Bob James' "Nautilus" is a perennial hip-hop sample, used in songs by Run-DMC, Ice-T, Slick Rick, Eric B. & Rakim, Pete Rock & C.L. Smooth, A Tribe Called Quest, Ghostface Killah, Lupe Fiasco, Jeru The Damaja, and Wu-Tang Clan, to name a few. But it was Bob's sweet-ass Taxi theme that SF quartet Souls of Mischief couldn't clear for their shoulda-been hit "Cab Fare" that led to legal action. "They sent me a copy of it and they'd speeded it up so much that it sounded like Mickey Mouse," James told Noah Callahan-Bever. "It made my tune sound silly. So, without even knowing anything about Souls Of Mischief and what they were doing, or what they were about, I said 'No, I'm sorry, I don't want my piece heard that way.'" The oft-bootlegged "Fare" wasn't properly released until decades later on a Hiero comp.

15. Dr. Dre sampling Lucasfilm's THX deep note on "Lolo (Intro)"

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Album: 2001
Producer: Dr. Dre
Label: Aftermath, Interscope

Dr. Dre's 2001 album begins with the unmistakable whooshing "THX deep note" often heard at the local multiplex movie theater right as the lights go down. George Lucas' Lucasfilm had trademarked the sound—according to Lucasfilm, it was the first sound ever to be trademarked—and sued Dre for $1.5 million. Dre later replied "I tried to clear it and they said they wouldn't clear it, so I went back to the studio and created my own sound. They're saying it sounded similar, which it does. It sounds similar. But it is my sound. I created it in the studio. So that's what the lawsuit is about. I believe we're gonna end up settling and they're gonna get what I was offering in the first place."

14. Baauer sampling Plastic Little's "Miller Time" on "Harlem Shake"

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Album: N/A
Producer: Baauer
Label: Jeffree's, Mad Decent

You might not have heard of Philly rap group Plastic Little. But you've heard 'em. The inducement to "do the Harlem Shake" (from Plastic Little 2001 song "Miller Time") is key to Baauer's No. 1 viral dance bomb. Also uncleared in "Harlem Shake" is Hector "El Father" Delgado inciting "¡Con los terroristas!" from a 2006 remix of his "Maladades". Sick. The case is ongoing.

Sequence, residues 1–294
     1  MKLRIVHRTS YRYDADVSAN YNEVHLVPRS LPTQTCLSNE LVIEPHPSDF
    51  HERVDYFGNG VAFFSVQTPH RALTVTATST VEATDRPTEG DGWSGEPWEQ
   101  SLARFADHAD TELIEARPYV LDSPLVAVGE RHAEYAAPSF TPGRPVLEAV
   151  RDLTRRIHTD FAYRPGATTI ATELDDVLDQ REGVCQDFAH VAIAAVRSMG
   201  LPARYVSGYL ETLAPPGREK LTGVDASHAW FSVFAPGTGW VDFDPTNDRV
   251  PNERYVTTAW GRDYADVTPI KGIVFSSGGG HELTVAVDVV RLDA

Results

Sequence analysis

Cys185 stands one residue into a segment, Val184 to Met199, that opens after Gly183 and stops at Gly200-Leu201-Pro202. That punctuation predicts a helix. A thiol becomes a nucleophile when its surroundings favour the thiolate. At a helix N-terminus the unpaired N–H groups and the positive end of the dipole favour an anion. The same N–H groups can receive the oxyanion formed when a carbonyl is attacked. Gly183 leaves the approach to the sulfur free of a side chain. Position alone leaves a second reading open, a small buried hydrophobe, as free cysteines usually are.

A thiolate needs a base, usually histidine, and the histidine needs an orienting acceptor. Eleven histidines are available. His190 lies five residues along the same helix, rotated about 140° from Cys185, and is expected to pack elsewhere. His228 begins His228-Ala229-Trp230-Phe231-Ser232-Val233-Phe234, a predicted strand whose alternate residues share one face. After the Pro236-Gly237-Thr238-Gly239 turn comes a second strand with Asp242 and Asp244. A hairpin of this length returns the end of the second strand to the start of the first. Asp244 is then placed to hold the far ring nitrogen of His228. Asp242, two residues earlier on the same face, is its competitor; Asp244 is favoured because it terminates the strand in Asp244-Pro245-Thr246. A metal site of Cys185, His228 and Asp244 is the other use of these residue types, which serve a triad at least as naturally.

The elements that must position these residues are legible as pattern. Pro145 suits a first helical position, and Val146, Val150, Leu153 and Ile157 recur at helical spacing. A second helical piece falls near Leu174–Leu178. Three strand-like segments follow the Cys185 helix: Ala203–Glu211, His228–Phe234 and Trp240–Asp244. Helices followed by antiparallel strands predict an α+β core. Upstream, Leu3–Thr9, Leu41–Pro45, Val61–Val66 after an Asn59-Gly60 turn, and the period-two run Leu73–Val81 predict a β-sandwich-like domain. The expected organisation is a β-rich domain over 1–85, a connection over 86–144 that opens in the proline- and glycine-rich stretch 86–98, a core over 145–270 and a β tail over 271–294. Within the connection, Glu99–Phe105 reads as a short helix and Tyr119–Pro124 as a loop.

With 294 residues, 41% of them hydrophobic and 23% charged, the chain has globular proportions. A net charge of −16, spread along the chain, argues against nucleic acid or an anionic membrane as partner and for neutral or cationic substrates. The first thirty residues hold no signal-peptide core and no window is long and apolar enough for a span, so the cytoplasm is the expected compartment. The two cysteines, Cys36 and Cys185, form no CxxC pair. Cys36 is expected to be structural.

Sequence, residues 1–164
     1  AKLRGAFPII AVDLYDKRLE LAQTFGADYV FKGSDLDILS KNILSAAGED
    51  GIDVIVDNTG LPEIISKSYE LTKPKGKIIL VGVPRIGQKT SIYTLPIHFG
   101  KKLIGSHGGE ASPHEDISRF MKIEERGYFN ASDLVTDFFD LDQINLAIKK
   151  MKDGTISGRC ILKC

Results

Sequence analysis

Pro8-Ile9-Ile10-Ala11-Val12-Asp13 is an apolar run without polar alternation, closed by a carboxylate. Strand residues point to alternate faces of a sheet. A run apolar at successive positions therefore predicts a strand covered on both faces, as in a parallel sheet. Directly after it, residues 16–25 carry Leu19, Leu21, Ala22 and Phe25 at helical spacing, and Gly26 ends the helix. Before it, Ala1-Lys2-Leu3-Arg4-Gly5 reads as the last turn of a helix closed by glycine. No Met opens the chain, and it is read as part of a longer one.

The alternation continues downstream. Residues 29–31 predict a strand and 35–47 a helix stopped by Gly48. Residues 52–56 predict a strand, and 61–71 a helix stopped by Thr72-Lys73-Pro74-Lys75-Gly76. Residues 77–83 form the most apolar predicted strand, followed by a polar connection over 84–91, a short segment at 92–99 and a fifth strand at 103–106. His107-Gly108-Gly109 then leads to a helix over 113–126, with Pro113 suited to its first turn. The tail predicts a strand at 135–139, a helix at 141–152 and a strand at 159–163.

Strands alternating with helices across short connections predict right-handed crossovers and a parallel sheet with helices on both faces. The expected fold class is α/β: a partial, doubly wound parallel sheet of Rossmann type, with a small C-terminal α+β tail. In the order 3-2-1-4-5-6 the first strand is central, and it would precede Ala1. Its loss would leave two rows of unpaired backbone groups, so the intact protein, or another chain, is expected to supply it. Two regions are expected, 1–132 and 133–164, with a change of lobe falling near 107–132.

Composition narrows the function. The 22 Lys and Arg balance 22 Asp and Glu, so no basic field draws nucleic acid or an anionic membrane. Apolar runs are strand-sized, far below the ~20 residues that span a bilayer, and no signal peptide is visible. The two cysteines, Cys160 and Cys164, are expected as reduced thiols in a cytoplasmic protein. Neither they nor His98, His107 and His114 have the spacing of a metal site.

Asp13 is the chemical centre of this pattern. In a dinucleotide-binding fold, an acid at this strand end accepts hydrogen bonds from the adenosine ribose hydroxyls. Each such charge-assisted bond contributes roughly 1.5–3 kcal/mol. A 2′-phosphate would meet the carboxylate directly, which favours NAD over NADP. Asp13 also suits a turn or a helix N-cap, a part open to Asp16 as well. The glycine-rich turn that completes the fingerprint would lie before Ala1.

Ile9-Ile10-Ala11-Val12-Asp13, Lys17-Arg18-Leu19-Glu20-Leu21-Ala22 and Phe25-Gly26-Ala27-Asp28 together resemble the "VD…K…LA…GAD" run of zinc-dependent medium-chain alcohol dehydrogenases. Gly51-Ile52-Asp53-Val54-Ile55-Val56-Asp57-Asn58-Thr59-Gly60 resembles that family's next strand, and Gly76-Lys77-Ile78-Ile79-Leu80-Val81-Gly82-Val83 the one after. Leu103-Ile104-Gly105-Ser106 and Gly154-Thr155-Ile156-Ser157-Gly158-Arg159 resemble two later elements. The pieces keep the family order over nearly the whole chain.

13. Pharoahe Monch sampling Akira Ifukube's "Gojira Tai Mosura" on "Simon Says"

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Album: Internal Affairs
Producer: Pharaoh Monch
Label: Rawkus/Priority/EMI

"I lost tons!" said Pharaohe Monch when asked about the uncleared sample of Godzilla film composer Akira Ifukube's "Gojira Tai Mosura" from Monch's Godzilla-sized 1999 hit "Simon Says." Leave it to the philosophical Monch to look at the bright side of not getting rich: "I might've bought a boat and crashed that shit."

12. Vanilla Ice sampling David Bowie and Queen's "Under Pressure" on "Ice Ice Baby"

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Album: Hooked
Producer: Vanilla Ice
Label: SBK Records

Queen and David Bowie's "Under Pressure" provided the infectious bass-line for Vanilla's breakthrough hit. Ice denied it, and the album's songwriting credits were hastily revised after Queen and Bowie brought suit. A undisclosed settlement was reach out of court, but the payout on fifteen million singles sold must've been hefty.

11. Teddy Riley sampling Lyn Collins' "Think (About It)" on Rob Base & DJ EZ Rock's "It Takes Two"

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Album: It Takes Two
Producer: Teddy Riley
Label: Profile Records

A direct hit of adrenalin drawn from a James Brown jam, Rob Base & DJ EZ Rock's "It Takes Two" (produced by Teddy Riley) was the high-energy crossover hip-hop hit of 1988. This one was settled before the suit was decided in court, but James Brown singer Lyn Collins complained that she was hearing her voice all over the radio and wasn't seeing a penny. Had this song come out a few years later, some legal precedent over sampling would've been established and Collins likely would've received a tidy check.

10. Timbaland sampling Rajesh Khanna and Farida Jalal's "Baghon Mein Bahar Hai" on The Game's "Put You on the Game"

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Album: The Documentary
Producer: Timbaland
Label: Aftermath/G-Unit/Interscope

Timbaland's taste in exotic samples got called out when Saregama India filed suit over an uncleared sample from a 1967 Bollywood movie. One of India's oldest recording companies, Saregama owns almost half of all the music ever recorded in the country. They were the same firm that successfully sued Dr. Dre over the Truth Hurts record "Addictive" featuring Rakim. But in this case, Tim and Game won the suit.